covid19 · fitness · fitness classes · gadgets

To pod or not to pod?

Owners of gyms and yoga studios and general athletic facilities, which have been closed for a few months now, are starting to make plans for how to reopen safely. The biggest problem is how to restrict the transmission of virus droplets that occurs when a lot of people are breathing in the same enclosed space. If you missed our super-popular and informative post about this by engineers Sarah and Cara, you can read it here.

COVID-19 and the gym: building engineers weigh in

The problem of reconfiguring building systems and infrastructure to mitigate virus risk is ongoing, and experts are hard at work formulating plans.

And then some other people came up with this idea:

A person doing yoga (downward facing dog) inside a clear geodesic pod. In a group of others doing same. Outside. In Toronto.
A person doing yoga (downward facing dog) inside a clear geodesic pod. In a group of others doing same in their own pods. Outside. In Toronto.

So many questions come to mind here. The first one for me is “WHERE’S THE DOOR?”

Don’t worry– it’s right here.

Person doing savasana, or corpse pose (or maybe just sunbathing) inside pod, with door open.
Person doing savasana, or corpse pose (or maybe just sunbathing) inside pod, with door open.

They probably left the door open to avoid heat stroke– it’s got to be pretty toasty inside. Yes, there are fans, but I’m guessing they’re not going to help a lot. the instructor apparently gave up on their pod and taught from the open air.

Pod-yoga instructor, teaching podded students after escaping from her pod.
Pod-yoga instructor, teaching podded students after escaping from her pod.

The activity-within-pod idea isn’t actually new. For about 10 years now, novelty marketers have been advertising clear plastic watertight balls for playing on water.

Adults and children flailing about inside clear airtight plastic balls in a pool.
Adults and children flailing about inside clear airtight plastic balls in a pool.

For about the same amount of time, consumer and governmental safety agencies have warned against using these things, as they increase risk of suffocation or drowning. Of course, you could cut your risk of death in half by using it only on land:

A ballerina in a white tutu, posing inside a clear plastic ball. She's got max 30 minutes of air, FYI.
A ballerina in a white tutu, posing inside a clear plastic ball. She’s got 30 minutes of air, max.

I have to say, even if my risks of 1) drowning and 2) suffocating were eliminated, I don’t think I’d enjoy exercising inside a pod. Frankly, I’d feel too much like this:

Praying Mantis practicing rock climbing inside glass dome, looking uncomfortable.
Praying Mantis practicing rock climbing inside glass dome, looking uncomfortable.

It occurs to me that maybe it’s the dome-shape that’s got me bugging. A gym in LA has come up with plastic-sheet cubicles for its early-adopter clients. They can do classes and weight work inside, surrounded by clear plastic.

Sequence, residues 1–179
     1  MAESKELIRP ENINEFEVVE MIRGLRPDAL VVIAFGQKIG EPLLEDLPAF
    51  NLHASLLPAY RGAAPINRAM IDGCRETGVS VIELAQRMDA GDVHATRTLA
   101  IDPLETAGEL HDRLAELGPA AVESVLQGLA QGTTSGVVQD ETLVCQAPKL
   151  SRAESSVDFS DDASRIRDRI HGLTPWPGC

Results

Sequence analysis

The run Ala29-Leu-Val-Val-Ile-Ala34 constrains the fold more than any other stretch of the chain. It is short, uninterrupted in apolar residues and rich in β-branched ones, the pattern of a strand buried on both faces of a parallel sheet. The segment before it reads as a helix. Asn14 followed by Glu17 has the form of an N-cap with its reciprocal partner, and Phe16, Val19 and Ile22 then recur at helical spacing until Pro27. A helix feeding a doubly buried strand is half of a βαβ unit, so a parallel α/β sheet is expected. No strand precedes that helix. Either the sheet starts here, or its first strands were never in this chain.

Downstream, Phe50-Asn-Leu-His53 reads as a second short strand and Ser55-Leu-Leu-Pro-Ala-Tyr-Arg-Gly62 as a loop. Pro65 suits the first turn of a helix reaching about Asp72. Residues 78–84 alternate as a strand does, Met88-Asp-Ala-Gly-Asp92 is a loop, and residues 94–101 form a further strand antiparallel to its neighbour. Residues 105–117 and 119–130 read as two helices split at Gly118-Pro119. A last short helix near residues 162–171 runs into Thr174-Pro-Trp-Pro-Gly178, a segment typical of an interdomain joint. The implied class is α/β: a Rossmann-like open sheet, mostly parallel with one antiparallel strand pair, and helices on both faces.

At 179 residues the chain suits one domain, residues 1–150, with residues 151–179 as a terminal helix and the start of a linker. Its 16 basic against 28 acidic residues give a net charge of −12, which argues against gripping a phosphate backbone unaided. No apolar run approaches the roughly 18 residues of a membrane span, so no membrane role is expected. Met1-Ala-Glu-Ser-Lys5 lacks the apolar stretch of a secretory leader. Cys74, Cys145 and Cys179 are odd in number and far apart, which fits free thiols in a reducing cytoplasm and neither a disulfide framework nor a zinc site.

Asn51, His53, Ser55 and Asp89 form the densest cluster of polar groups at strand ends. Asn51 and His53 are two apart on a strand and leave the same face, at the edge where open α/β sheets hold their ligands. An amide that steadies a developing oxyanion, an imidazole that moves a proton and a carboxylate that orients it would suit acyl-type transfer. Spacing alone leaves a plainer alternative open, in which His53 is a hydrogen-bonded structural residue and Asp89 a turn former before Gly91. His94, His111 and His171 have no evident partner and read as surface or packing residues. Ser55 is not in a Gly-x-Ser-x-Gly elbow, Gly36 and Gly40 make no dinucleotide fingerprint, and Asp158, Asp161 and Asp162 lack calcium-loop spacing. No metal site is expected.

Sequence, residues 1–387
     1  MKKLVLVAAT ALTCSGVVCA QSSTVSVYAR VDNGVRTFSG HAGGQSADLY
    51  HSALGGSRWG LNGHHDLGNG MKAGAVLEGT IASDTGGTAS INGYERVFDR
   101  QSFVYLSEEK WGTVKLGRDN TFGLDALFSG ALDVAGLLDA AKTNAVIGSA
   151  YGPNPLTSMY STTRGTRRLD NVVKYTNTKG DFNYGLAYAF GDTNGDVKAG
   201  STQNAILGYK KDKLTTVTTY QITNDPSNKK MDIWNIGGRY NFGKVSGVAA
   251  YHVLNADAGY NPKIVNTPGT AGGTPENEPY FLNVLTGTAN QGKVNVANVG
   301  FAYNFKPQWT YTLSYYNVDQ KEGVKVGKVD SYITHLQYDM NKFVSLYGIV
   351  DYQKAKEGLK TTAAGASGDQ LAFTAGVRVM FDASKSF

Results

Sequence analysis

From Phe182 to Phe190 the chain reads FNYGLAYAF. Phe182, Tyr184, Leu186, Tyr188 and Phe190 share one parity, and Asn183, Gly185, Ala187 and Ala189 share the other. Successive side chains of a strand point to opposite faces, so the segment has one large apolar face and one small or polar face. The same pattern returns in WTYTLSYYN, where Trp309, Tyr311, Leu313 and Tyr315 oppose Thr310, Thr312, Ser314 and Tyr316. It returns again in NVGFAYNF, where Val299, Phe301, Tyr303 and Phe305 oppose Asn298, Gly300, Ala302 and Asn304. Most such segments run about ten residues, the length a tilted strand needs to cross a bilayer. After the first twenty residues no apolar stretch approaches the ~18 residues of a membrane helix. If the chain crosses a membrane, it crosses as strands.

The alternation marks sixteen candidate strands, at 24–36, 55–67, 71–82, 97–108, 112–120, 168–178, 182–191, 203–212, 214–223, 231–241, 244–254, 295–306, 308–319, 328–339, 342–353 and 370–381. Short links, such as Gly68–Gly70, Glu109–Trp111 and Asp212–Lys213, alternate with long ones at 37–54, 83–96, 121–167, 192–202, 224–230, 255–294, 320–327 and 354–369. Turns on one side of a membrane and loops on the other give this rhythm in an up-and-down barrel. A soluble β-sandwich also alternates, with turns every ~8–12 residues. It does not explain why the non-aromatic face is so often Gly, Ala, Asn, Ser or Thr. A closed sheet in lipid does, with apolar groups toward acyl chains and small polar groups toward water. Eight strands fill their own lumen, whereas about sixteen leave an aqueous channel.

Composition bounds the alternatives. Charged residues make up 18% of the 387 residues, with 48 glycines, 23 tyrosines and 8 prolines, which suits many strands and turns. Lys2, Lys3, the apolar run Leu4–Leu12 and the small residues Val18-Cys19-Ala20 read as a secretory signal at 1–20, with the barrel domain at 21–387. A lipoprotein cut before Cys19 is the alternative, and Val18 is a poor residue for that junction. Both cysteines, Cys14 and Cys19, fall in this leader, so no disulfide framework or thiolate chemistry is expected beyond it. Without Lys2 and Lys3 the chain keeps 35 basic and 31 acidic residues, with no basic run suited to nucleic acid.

It’s not clear to me, though, whether the cubicles solve the problems that Sarah and Cara raise about gyms, air circulation and droplet transmission. There’s so much we don’t know. And, we need to get data through testing, which takes time.

For now, I think I’ll keep doing my group physical activity either inside through zoom or outside in small groups at a safe distance. And the only thing I think we should use those clear plastic balls for is making an impression on the runway, as Shangela did on RuPaul’s Drag Race All Stars 3.

Shangela stomping the runway inside a clear plastic ball.
Shangela, stomping the runway inside a clear plastic ball.

So, dear readers– would pods of either the domed or cubicle variety get you back to the gym or keen to join group classes? We’d love to hear from you.

5 thoughts on “To pod or not to pod?

  1. Honestly, the only thing I can think about when I see them is how awfully hot and suffocating it must be in there. I don’t think they’re my jam!

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  2. Honestly, I considered doing pod yoga until I realized how insanely expensive it is. No thanks.

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  3. Hard no on the pod – heatstroke and suffocation come instantly to mind followed by how would you clean them adequately? I left my gym when they started back to outdoors classes in masks. Realized as someone already struggling with heat that working out in a group in masks wasn’t going to work well for me and I cannot imagine feeling safe in a gym until there’s a vaccine. I miss my gym community and am not working out enough on my own though. No good answers.

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  4. not sure if i should laugh or cry at this…so sad. what has our world come to? i’m embarrassed. the aliens are shaking their heads right now. to leslie (above), there is a ‘good’ answer. take the difficult path, as with working out, and do it on your own at home and find your motivation. the problem is, most folks in america are lazy and want to take the easy, safe, happy path. that’s not life. the difficult stuff makes us stronger – that includes working out in our basement or garage when no one is looking, just because we love ourselves and respect our bodies. sometimes life sucks. now is one of those times for many.

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